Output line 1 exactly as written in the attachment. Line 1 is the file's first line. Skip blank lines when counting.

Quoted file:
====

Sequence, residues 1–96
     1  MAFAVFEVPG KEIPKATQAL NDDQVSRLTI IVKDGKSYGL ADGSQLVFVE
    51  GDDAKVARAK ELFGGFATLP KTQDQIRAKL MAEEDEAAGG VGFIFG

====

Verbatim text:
Sequence, residues 1–96